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-   -   Article: Is a hybrid worth it? (http://www.fuelly.com/forums/f35/article-is-a-hybrid-worth-it-3012.html)

kickflipjr 09-23-2006 07:52 PM

Article: Is a hybrid worth it?
 
This is a total breakdown of cost of cars, fuel economy, etc...

It is very in depth. You guys might get a kick out of it.

http://www.omninerd.com/2005/11/11/articles/41

(I will cut to the end for you)

Conclusion

While no "green" person would ever advocate buying a hybrid for purely economic reasons, it is painfully obvious that existing hybrids lack the ability to make up for their steep prices with gas savings. While a hybrid would present significant savings over something like a new Ford Super Duty, you would always save more with any of a number of economy cars.

Hybrid technology is just entering the mainstream, however. As gas prices rise and hybrid technology improves and cheapens, don't be surprised to find hybrid owners in the green.

FormulaTwo 09-23-2006 09:54 PM

according to that, it seems like the best way to go would be with the VW tdi.

JanGeo 09-24-2006 04:48 AM

My friend whom recently purchased a used Prius did it for the tax credits plus the trunk works better for the stuff she carries for her work than the Acura CL3 she had plus 4 doors plus 2.5-3x the gas mileage!

Sean88 09-24-2006 07:04 AM

Quote:

according to that, it seems like the best way to go would be with the VW tdi.
Actually I believe the table showed that the TDi was the least economical option of all the cars listed. The Chevy Aveo was the most economical. The chart was a bit confusing as the column heading was "Monthly Savings" but the numbers are in parentheses so I think there's a double negative in there.

BEN_EJ8 09-24-2006 07:33 AM

So I think its safe to say that the Civic is no longer the cheapest car to own, drive and maintain, penny per mile?

rh77 09-24-2006 07:36 AM

Clean Diesel
 
Quote:

Originally Posted by FormulaTwo
according to that, it seems like the best way to go would be with the VW tdi.

Precisely! But, if you want a new TDI, you have to wait until 2008-2009 as the EPA has mandated new emissions requirements for Diesels which will make them the some of the cleanest, lowest emission, higher FE vehicles on the road.

RH77

Edit: I have personal research on the "Best Value" gasser (to be posted in the car review section). 2006 Kia Spectra EX.

ketel0ne 09-24-2006 08:15 AM

I'll take my $12k 40mpg Yaris over anything in the list, in plugging in the Yaris actuals for 2007 it is over the Aveo.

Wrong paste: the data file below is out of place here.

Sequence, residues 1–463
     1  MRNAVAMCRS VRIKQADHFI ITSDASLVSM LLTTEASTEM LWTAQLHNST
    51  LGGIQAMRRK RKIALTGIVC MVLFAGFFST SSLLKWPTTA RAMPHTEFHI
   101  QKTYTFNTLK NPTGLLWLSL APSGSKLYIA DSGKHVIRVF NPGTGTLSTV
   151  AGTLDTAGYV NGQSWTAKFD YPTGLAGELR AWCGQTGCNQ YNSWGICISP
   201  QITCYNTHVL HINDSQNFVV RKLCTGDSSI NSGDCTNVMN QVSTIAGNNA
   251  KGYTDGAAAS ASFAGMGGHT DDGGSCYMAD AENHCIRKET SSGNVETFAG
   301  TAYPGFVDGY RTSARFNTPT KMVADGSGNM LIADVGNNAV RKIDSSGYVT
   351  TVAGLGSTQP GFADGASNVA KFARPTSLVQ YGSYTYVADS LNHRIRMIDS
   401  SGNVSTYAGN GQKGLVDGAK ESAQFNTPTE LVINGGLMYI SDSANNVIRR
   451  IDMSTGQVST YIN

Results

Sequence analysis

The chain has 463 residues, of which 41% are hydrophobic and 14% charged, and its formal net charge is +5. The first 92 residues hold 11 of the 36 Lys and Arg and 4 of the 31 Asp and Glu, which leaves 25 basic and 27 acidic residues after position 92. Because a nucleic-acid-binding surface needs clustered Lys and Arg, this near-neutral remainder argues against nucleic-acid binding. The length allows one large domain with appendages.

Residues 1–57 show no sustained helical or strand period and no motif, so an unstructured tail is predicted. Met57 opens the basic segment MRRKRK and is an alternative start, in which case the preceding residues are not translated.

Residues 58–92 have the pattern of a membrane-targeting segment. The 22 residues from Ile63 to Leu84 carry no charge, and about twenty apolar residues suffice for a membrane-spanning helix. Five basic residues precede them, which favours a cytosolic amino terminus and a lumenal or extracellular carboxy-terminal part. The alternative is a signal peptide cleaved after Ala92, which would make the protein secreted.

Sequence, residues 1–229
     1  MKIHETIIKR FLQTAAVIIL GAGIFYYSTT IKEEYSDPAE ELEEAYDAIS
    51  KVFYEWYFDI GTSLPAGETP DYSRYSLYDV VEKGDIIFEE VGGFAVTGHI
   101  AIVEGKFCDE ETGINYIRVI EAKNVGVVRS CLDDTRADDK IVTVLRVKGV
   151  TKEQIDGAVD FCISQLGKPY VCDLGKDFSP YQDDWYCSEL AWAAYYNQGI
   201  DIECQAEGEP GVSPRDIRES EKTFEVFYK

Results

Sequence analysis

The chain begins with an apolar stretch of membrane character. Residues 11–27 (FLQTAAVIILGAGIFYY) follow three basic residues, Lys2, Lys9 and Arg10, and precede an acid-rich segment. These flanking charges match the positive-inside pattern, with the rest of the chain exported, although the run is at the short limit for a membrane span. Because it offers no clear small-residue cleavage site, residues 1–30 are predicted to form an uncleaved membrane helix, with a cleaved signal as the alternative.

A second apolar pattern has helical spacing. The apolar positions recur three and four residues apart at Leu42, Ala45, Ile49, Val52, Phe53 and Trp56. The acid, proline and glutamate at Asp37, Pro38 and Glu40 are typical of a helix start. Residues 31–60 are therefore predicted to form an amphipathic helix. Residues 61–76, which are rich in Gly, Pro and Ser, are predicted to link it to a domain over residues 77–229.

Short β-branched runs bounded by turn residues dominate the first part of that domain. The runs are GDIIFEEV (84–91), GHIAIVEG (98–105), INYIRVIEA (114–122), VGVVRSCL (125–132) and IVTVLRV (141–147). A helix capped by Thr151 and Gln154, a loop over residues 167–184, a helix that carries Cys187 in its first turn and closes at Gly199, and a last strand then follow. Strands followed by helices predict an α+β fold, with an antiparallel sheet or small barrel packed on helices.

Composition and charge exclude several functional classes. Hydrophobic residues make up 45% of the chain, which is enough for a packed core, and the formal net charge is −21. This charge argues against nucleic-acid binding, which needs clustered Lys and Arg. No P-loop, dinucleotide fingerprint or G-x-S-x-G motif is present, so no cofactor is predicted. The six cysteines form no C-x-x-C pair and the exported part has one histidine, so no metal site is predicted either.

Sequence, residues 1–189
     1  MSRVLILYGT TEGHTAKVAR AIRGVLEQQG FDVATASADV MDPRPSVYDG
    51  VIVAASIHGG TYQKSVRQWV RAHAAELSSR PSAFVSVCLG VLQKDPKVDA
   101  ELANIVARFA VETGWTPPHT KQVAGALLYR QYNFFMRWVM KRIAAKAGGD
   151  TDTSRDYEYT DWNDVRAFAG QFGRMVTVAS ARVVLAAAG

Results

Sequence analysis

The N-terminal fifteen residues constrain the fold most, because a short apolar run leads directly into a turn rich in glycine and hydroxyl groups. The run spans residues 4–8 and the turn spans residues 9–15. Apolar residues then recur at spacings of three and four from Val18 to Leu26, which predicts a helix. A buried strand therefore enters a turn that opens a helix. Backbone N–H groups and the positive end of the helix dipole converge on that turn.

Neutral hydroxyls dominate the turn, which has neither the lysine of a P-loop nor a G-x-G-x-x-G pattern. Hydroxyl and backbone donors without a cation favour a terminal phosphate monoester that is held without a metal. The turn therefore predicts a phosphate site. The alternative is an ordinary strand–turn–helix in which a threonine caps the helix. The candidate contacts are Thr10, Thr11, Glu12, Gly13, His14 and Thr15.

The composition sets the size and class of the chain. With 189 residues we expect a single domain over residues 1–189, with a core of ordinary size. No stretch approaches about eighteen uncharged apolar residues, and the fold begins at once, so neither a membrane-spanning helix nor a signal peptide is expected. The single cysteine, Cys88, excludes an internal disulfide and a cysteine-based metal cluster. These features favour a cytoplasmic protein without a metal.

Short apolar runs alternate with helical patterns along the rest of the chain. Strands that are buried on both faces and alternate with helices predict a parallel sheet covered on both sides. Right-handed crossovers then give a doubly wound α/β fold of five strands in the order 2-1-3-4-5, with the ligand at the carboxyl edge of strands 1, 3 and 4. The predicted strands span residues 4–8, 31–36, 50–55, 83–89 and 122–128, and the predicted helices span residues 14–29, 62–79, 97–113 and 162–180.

tomauto 09-24-2006 09:29 AM

Aveo = crap.

rh77 09-24-2006 09:45 AM

Yup
 
Quote:

Originally Posted by tomauto
Aveo = crap.

I did a "Second Look" test on the Aveo this past week and got the same 26.x MPG in normal, mixed driving which included the GM-touted 30-some MPH highway use. Same thing with the Cobalt, Ion, and the other cars one-class-up.

Just because it's cheap doesn't mean it's efficient. The '06 Camry 4-cyl auto. would chew it up, spit it out, and have +4 MPG left for the next one (and it's bigger!) I was really hoping for more, and felt good driving a small car, but it was unfounded. Look for the results soon in the reviews section :thumbdown:

RH77

JanGeo 09-24-2006 12:58 PM

Yeah the iron block of the american made cars just don't cut it when it comes to mileage. I have a GM Master card with a few thousand towards my next car - talk about a waste of years of purchaces at 5% back towards a GM car - had I know Maybe a Saturn.

Todays driving around in the woods 49.3mpg for about 50 miles of driving.

JanGeo 09-24-2006 01:12 PM

First Prius test drive
 
I got a chance to drive the Prius today that my friend has - ran the battery down a bit by the time I got back - man it is tricky to get that thing in gear and they got the forward and reverse upside down on the shifter. Seems the gas pedal is really sensitive to EV mode operation and the engine keeps starting up. Not quite enough power in the electric motor to drive 25-30mph on level ground from what I can see unless something was dragging? The mechanical brakes after almost a week of sitting were really touchy. Needed some really steep hills to test the regen braking but from what I can see there really isn't a lot of energy that the battery has in it - seems to top up pretty quick and run down to the point where it had to charge a lot during my 10 mile ride. Weird driving an automatic and it does seem to "shift" while accelerating - got it to freewheel a little but forgot to try popping it into neutral to get a good coast going. Got up to 37 mph on electric drive only on a gentle downhill. Anyone know the oil capacity because this thing needs some service already and it calls for 5W30. I was not impressed with the mileage and after getting back into my xB with the ScanGaugeII realized that I need to get my SG1 connected to the Prius to really figure out the gas mileage as the console computer didn't register the trip MPG - I think a reset is needed on the computer display?

BumblingB 09-24-2006 01:39 PM